It was not a one-off aberration by management. I remember Mackay’s cavalier approach [“Just go out and play, we’re better than them”] getting embarrassingly exposed on a more mundane occasion, against newly-promoted West Brom. In those days Albion had one outstanding player, Johnny Giles, who could boss any game, given the chance. Most opponents would man-mark him, but Mackay disdained the idea and the Irish playmaker was the man of the match at the Baseball Ground, making both his team’s goals in a 2-2 draw.

Dave was no disciplinarian either and knew that two of his signings, Francis Lee and Rod Thomas, could usually be found propping up the bar at the Midland hotel, opposite the station, after training or playing. Mind you, the boss could only have complained on a do-as-I-say-not-as-I-do basis, having done much the same as a Derby player. As manager, too, there were occasions when I went to the ground in the morning for the “Derby Telegraph” and found him shaving in the gents toilet next to the main entrance. He would sleep in his office after a particularly convivial night out.

There were no complaints about such things in the good times, but recreational behaviour became a stick with which to beat him when results deteriorated, as they soon did.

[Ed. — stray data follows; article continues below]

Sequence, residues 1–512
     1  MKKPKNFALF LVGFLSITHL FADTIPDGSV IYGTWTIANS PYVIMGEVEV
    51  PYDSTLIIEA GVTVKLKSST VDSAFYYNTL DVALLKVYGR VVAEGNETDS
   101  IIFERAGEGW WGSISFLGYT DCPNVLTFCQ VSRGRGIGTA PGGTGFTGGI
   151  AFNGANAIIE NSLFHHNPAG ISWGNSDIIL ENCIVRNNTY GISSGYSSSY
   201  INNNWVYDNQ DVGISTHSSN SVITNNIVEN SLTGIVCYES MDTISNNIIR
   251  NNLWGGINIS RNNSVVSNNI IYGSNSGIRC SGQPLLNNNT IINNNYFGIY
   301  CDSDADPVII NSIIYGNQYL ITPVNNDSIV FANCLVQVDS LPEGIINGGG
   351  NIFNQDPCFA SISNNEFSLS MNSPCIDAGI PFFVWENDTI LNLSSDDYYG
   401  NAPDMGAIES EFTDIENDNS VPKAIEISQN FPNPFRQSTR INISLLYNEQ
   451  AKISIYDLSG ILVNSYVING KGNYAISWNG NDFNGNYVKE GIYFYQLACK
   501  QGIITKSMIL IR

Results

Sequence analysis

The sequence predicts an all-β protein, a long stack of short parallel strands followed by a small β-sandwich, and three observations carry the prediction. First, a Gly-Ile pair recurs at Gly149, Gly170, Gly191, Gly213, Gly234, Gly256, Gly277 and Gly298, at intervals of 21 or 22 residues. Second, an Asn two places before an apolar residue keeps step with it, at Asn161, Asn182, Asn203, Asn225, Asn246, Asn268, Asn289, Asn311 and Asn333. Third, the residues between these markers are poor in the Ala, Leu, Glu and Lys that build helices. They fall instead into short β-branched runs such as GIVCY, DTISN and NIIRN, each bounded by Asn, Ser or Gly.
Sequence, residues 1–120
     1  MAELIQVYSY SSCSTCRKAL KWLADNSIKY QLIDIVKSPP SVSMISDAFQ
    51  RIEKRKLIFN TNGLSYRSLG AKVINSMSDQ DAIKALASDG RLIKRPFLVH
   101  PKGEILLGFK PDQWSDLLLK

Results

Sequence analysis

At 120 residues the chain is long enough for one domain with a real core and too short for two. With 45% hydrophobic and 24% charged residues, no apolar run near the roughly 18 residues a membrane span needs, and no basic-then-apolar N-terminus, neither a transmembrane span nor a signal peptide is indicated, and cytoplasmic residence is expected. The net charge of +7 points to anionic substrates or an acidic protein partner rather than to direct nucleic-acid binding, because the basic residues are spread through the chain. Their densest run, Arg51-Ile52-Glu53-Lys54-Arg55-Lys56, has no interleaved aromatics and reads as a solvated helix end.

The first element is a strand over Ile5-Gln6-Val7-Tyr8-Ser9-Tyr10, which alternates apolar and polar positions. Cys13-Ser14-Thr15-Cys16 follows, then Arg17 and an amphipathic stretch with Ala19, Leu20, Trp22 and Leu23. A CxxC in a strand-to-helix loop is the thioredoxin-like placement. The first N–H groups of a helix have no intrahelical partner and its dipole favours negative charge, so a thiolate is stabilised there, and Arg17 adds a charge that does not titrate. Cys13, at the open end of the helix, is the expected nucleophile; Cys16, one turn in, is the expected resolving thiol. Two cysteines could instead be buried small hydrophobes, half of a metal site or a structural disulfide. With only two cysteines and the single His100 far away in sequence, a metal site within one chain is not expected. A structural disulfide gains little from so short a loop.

In defence of their title, Derby finished a disappointing fourth in 1975-76 and a poor start the following season saw Mackay sacked in November 1976 and replaced briefly by his reserve team coach, Colin Murphy.

Sadly, it was a downward spiral after that, undistinguished sojourns at Walsall, Doncaster and Birmingham interspersed with lucrative spells coaching in Kuwait, Egypt and Qatar. But if Dave was bitter at the way his management career petered out you would never have guessed it. He was always good, lively company and I’m glad to say our contratemps in the Baseball Ground corridor was eventually put to bed in May 1986 when, over a glass or seven at Mortons club in London’s West End, all was explained.

Dave and a friend, Jimmy Burton, told me that night that George Graham was about to be named manager of Arsenal. I should have run the story in the “Mail on Sunday”, for whom I was working at the time, but when I phoned David Dein to check it out he said: “Joe, if you print that you are going to look very silly”, and the sports editor wouldn’t publish my “exclusive” without confirmation from the club [how times have changed].

Three days later Arsenal appointed Graham and Mackay concluded he was wasting his breath telling this mug anything!

I’m proud to say we remained friends after that and I will always treasure that key ring.


A former Chief Football Writer for The Sunday Times & The Independent, Joe Lovejoy now covers matches for The Guardian & The Observer and is an author of five books. 



Cap’n Bob Stirs Up a Hornets Nest at the Football League

by Richard DJJ Bowdery.

Today oil sheiks, Russian businessmen, US tycoons and Asian multi-millionaires have bought into the Premier League ‘dream’.

Some clubs would have folded without their financial intervention, and others may not have achieved the level of success they have without their monetary input – Hull City and Chelsea come to mind.